Fifteen years of protests. Plenty of picketing. A struggle that has spanned the length of the millennium against Hindustan Unilever. Who'd have ever thought the lynchpin would be a video on Youtube? Not Sofia Ashraf, for starters. The Chennai-based rapper who shot to fame when her video 'Kodaikanal Won't' supporting the workers affected by mercury poisoning at Unilever's Kodaikanal plant went viral, admits that she didn't think it would help broker a settlement in nine months flat.
|Music Album to Ramp up Support against Unilever|
And the news made her nearly tear up. "It feels like half the battle has been won. We have been very cynical about this, but the fact that the workers have been compensated practically moved me to tears because I never thought that something that we did could actually result in change," she told Express right after news of the settlement got around. The lady whose video racked up 3.6 million hits on Youtube and generated a lot of heat towards the UK-based corporation, added, "It has given me hope that the work that we do is not for nought...but of course this is just half the battle won. We still need the environmental clean-up, but I think for the moment it's really heartening because this was a win we really needed."
Sofia, who has done a lot of rapping in Mumbai and Chennai, including a short stint for Oscar-winning composer A R Rahman, explained that the whole campaign deserved credit. Not just her song. "There were a lot of factors, I can't say it was just the video that caused this change. I think it was primarily public pressure, the fact that a lot of publications, both Indian and International, picked it up, the fact that a lot of Indian and international NGOs who got involved," she said modestly.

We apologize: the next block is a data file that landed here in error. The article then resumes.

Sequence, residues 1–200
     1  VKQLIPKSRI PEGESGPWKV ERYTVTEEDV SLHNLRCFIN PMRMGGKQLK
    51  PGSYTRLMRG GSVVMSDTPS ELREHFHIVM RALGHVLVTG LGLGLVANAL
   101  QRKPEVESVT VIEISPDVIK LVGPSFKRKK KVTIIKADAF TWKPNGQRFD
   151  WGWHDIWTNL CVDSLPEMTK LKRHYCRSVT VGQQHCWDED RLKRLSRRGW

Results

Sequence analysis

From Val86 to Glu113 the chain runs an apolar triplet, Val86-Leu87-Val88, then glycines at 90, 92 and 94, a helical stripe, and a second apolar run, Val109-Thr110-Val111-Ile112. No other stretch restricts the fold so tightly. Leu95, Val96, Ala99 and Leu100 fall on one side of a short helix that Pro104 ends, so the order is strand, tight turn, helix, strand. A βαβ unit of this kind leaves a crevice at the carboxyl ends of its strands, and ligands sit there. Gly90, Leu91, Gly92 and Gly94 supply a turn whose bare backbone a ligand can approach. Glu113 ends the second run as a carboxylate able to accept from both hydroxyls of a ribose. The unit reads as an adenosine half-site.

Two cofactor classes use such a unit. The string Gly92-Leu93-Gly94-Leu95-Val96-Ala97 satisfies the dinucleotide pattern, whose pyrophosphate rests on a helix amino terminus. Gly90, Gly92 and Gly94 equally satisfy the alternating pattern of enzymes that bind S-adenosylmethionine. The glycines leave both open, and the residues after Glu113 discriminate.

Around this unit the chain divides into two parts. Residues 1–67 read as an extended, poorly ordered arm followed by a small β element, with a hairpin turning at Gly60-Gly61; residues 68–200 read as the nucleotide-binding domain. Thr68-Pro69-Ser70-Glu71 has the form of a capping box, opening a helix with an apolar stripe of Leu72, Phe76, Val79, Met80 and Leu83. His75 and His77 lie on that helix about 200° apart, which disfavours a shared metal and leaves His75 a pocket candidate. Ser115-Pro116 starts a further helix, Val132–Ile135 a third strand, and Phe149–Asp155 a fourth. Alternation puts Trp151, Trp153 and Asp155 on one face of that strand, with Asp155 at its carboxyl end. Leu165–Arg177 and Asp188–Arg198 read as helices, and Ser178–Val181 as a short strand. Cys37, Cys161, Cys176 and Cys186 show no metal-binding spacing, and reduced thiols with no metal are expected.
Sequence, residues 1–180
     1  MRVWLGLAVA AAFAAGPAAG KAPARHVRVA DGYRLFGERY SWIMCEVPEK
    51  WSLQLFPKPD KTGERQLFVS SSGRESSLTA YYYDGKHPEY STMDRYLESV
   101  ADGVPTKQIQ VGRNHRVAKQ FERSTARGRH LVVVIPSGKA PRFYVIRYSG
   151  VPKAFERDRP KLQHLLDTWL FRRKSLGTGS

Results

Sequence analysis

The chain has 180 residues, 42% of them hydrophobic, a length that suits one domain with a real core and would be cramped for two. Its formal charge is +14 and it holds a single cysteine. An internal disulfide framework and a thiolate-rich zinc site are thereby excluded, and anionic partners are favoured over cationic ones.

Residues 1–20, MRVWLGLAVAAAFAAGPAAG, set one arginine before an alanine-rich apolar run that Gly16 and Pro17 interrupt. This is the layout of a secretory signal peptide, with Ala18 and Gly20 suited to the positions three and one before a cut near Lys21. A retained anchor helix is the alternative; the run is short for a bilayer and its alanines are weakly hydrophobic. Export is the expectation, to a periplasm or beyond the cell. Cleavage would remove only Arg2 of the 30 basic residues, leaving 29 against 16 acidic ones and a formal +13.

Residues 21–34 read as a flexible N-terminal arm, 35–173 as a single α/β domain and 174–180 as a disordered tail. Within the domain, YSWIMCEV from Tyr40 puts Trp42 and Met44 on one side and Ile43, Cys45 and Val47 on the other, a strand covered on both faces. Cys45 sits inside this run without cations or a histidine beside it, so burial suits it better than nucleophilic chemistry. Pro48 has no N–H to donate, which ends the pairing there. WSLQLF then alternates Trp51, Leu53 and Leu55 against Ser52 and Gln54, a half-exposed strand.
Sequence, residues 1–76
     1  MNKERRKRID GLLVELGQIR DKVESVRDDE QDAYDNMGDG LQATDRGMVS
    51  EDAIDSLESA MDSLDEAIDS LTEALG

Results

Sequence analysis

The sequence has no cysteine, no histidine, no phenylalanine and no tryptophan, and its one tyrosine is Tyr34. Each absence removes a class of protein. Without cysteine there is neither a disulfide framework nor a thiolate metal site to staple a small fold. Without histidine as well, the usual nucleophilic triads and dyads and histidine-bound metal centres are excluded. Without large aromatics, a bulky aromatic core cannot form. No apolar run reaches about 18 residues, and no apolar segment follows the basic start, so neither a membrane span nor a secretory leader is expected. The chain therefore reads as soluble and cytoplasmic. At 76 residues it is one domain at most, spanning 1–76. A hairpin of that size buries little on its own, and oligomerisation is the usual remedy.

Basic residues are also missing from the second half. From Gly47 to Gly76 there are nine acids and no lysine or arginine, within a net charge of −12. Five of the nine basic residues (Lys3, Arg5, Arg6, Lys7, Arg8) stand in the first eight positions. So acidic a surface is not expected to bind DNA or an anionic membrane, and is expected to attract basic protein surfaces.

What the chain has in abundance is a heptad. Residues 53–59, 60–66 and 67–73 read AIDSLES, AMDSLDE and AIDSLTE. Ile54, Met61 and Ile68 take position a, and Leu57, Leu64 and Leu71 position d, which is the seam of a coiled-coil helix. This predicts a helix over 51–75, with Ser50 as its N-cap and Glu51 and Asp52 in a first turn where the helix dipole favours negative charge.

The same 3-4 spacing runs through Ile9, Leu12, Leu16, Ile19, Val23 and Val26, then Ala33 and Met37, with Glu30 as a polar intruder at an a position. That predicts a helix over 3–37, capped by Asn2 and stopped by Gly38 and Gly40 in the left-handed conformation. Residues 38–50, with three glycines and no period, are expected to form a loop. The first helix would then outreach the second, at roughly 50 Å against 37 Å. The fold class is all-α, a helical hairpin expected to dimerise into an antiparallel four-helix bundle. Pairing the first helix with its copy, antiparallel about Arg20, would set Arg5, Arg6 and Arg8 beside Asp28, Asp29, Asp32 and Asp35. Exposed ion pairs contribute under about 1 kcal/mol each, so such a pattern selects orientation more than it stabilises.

Now that they've ensured that Kodaikanal Won't and well, simply hasn't given in to corporate pressure, this opens up hope for a lot of activists to leverage the power of music on social media, "The movement would carry on for environmental clean-up because unfortunately human tendency only reacts to human suffering. So once we see that people are ok we really don't care about mercury polluting the environment, endangered species of plants dying out, about fish dying, and many of them are slowly gonna eat away at people too eventually. As long as we don't see an apparent danger seem to ignore it, but we are trying to keep the conversation alive and bring about a clean-up as soon as possible," she said.